5. Use your personas: How can I use the personas to guide my content creation and in other areas of my day-to-day work?

Each step is described in more detail in the following.

1. Defining the relevant components

The first step is to roughly define clusters based on specific characteristics. The initial clusters depend on the target groups and the product or business. For a B2B software company, this could be the position in the market. For cosmetics companies, the physical characteristics of the target personas could be more important. The outline for the first clusters could use:

  1. Demographic data
  2. Interests and hobbies
  3. Physical characteristics

These clusters can be supplemented with further relevant information:

  • Communication behavior (phone, email, messenger services etc.), how they access information (how and where? with own research, by asking experts, friends, family etc.?)
  • Concrete touchpoints and media consumption (TV, Google, social media, print media, email etc.)
  • Purchasing habits (where do they buy things? Online, Offline, Smartphone? Boutique shops, established brands?)
  • Challenges and needs
  • Personal characteristics (are they an impulse buyer or do they do lots of research?)
  • Goals (what are they looking to achieve, in the short, medium and long term?)
  • Daily routine (office environment and relevant contacts in a B2B context)
  • Attitude towards and awareness of products and brands

2. Gathering data and information

There are many different sources available when gathering data and information for the creation of personas:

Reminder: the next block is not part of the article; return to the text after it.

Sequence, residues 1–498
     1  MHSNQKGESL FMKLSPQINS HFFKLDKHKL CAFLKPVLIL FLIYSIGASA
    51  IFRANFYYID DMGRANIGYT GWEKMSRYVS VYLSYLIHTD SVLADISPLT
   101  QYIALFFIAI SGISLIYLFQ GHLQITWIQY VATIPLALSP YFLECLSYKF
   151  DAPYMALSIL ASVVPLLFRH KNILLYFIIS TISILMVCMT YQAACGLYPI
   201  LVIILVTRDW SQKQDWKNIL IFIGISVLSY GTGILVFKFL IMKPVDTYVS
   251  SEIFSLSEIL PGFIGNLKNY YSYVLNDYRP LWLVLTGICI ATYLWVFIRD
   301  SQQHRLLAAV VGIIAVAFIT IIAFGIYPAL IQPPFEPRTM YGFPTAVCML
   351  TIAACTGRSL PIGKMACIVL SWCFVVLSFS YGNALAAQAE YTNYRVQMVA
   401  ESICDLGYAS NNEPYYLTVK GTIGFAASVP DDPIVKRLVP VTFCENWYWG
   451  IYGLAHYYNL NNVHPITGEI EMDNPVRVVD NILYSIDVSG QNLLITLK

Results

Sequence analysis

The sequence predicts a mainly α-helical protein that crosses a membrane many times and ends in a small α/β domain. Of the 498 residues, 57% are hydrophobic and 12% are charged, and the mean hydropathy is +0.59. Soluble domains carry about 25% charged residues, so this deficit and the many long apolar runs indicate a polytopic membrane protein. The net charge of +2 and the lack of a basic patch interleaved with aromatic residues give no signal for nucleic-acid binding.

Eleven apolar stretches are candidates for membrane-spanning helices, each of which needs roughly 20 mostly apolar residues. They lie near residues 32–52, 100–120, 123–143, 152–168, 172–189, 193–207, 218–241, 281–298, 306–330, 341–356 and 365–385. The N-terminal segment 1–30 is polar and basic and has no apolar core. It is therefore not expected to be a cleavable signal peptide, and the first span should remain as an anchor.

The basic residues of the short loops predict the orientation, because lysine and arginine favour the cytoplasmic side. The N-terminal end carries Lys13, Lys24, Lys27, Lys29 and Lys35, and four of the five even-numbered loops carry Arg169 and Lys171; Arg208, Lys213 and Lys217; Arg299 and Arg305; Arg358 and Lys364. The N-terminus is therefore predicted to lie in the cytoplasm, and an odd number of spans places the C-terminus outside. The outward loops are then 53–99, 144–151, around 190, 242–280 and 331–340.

Interviews and surveys:

  • Existing customers
  • Potential target groups
  • Internal stakeholders (sales team, customer service)
  • Online or offline surveys

Social listening

  • Comments on company pages
  • Linked comments
  • Analysis and tracking of certain topics
  • Analysis of relevant blogs and forums
  • Product reviews

Desk research

  • Statistical analysis
  • Sigma/Sinus Milieus


Data analysis

  • Analysis of CRM data
  • Google Analytics
  • Searches on your own website
  • Keyword analysis
  • Google Suggest for relevant topics
  • Google Search Console

4. Structuring data and information

The main aim of this phase is to identify patterns and complement these with appropriate information:

  • Which information is not useful/irrelevant and what can be ignored?
  • Which information fits with the defined clusters
  • Which information and findings go together?

5. Creating the personas

Use the clusters and the information you have generated, like daily routine, needs, interests, media diet etc., in order to make the persona as authentic and realistic as possible. It is also a good idea to include a photo and give the persona a catchy, memorable name. Ideally, you should try to sum up the persona’s main characteristics with a short statement or quote. You can then put all the information together in a one-page overview – in our example, let us introduce to you Mr Conrad Carpenter, a small business owner.


5. Using your personas

Use the persona you have created to identify areas of potential – think about where and how you could interact with this persona. Develop individual user journeys along the sales funnel and define relevant content for the different stages. Try to understand which formats and which topics are relevant for precisely this persona at a certain stage of their journey, and consider what could help them get closer to achieving their goal.

Personas are also a perfect guide when developing topic clusters for your content strategy. Which topics are of interest to the persona and could be credibly addressed by your company? Drawing on information for all personas, you can build up a comprehensive thematic landscape that can help shape and structure your communication.

Key take-aways

  • Personas go beyond demographic data and create a more concrete picture than traditional target groups.
  • They consider the needs and the process of making a purchase decision for the target audience.
  • They make it possible to communicate with and address customers specifically and effectively.
  • This helps them generate added value for the target audience and the business.
  • Create clusters and use different data sources to make personas as real as possible!
  • Use personas as a tool when developing your strategy and creating your content!